Baptism is a second Sacrament celebrated in the life of the Church. Baptism is offered for adults and youth who profess their faith in Jesus Christ and desire to demonstrate that profession in union with the whole Church. The baptized is marked in this way, before the whole Community, as one whom we (the Church) will continue to nurture and raise up in faith over a lifetime. Baptism is about the commitment of an individual to engaging in a life of faith, but also the commitment of the Church to walking alongside each person on their journey so that they come to know and follow Jesus more fully throughout their life. We baptize infants because Jesus commands us to (Matthew 19:14-15), and we recognize baptism as a "once and done" action - no matter your background, if you're baptized into the Church, this action happens only once in a lifetime. As we participate in this sacrament, we recognize that baptism comes from God, who breathes the presence of the Holy Spirit (Spirit of God) into each and every one of us. Young or young-at-heart, this is an important mark of the life of a follower of Jesus. If you've never been baptized, please see a member of the pastoral staff during worship or another gathering to learn more about taking this important step in your journey.

Okay, I'm interested... How do I join this Church?

Take your first step by joining us in worship this Sunday @ 10 am! Experience Community for yourself, and we think
you'll find that You Fit Here. As you enter into relationship with the Church, here's what's next:

  • On your first visit, stop by our information stations, located in the parlor and modern worship space. We have several resources for you to explore, as well as a special gift just for you.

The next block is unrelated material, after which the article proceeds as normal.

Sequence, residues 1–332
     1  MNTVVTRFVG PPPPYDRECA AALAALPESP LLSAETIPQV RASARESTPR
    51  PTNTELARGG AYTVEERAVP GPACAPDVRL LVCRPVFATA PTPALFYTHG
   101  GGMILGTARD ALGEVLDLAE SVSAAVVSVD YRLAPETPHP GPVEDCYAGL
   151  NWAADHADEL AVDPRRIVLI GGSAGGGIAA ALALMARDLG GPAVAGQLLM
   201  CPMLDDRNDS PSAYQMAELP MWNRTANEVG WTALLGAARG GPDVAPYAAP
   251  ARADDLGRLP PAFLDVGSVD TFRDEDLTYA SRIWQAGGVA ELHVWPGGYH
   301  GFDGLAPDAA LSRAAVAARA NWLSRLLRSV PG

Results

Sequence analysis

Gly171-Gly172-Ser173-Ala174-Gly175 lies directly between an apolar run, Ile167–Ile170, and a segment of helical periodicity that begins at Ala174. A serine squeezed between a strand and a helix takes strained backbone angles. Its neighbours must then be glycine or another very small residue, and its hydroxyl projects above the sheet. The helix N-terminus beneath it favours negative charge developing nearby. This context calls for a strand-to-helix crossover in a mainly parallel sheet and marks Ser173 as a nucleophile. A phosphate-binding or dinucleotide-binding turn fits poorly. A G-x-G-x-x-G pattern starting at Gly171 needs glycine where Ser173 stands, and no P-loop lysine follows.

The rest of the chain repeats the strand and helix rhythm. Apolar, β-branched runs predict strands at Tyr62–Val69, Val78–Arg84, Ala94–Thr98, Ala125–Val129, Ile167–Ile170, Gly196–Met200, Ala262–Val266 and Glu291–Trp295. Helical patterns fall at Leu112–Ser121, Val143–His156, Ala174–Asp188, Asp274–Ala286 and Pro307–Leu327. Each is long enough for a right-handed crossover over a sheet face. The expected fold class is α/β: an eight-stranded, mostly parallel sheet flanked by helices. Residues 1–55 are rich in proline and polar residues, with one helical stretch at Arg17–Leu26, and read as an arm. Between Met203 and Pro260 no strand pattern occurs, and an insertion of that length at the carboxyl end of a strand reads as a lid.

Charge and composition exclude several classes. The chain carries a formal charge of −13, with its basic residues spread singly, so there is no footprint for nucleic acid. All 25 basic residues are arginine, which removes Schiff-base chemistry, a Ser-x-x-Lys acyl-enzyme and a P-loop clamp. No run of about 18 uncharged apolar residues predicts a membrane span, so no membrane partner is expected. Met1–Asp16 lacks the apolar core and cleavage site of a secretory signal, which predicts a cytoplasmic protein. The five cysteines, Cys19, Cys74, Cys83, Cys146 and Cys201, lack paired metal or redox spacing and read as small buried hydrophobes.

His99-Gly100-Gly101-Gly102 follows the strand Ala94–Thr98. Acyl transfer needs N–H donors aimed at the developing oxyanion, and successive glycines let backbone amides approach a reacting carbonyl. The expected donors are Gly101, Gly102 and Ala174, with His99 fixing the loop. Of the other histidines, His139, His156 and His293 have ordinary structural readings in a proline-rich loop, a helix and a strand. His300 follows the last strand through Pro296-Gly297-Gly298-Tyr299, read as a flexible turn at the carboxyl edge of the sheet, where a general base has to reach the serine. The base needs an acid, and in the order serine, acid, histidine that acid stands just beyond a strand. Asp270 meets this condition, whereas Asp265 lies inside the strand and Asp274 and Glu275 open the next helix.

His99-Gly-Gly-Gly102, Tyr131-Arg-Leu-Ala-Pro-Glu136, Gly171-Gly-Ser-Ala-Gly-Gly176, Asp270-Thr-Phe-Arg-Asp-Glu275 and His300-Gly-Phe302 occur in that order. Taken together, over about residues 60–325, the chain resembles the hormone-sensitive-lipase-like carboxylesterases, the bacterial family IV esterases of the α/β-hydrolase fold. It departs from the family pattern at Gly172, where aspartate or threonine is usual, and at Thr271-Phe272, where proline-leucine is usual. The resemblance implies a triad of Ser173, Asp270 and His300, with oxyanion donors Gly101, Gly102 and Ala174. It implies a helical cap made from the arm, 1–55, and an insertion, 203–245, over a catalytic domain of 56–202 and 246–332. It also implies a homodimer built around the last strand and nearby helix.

• Sign up for our weekly newsletter to stay connected to what's happening in Community.
  • Build relationships and make new friends by participating in a small group opportunity.
  • Attend a Coffee & Pie with the Pastors event, held each quarter, to learn about membership, ask questions about the church & join Community.
  • Invite a friend, colleague or neighbor to begin the journey and join you in Community.

We're going to invite you to make 5 promises - to yourself, to Community and, most importantly, to God. These promises are ways that you will be able to track your own development as your faith journey continues. They're simple and easy to remember:

  • Pray. Cultivate in your own life a daily practice of prayer - to draw strength and help, to give thanks and to become more deeply aware of the wonders that surround you.
  • Be Present. Faith doesn't grow in a vacuum. Unless you're sick or out of town, commit to attend worship, in-person or online, on a weekly basis. Be a part of a small group as a way to explore faith more deeply and build stronger relationships in Community.
  • O your Gifts. Remember, you have been created in the image of God! You have talents that can help somebody else, use them in Community. The early Christians shared whatever they had - talents and physical resources - to benefit one another and spread the word across the world. Likewise, we share our talents and our resources to build and strengthen Community for the benefit of those we know and those we haven't met yet. Churches aren't charities, and they're not self-funded, either. We take no support form any outside institution and it is only through our effort and commitment (of time, talent and treasure) that Community will grow to reach more people with good news.
  • Serve Others. As stewards of the world we inhabit, we have the opportunity to affect real and positive change. But we have to show up - make the effort to bless someone through Community, whether it's through making coffee, greeting folks in the parking lot or making time in your life to do good in the wider world. 
  • Share the Story. Through our freedom we have the ability to take good news to those who need it. We aren't called to hole ourselves up in a building and just look after one another; instead, go out and talk with a neighbor or co-worker. Be a student of story by listening to the lives of those around you, with whom you have been given the opportunity to be a positive influence, and share your own story so that they can be invited into understanding their place in God's story right alongside you.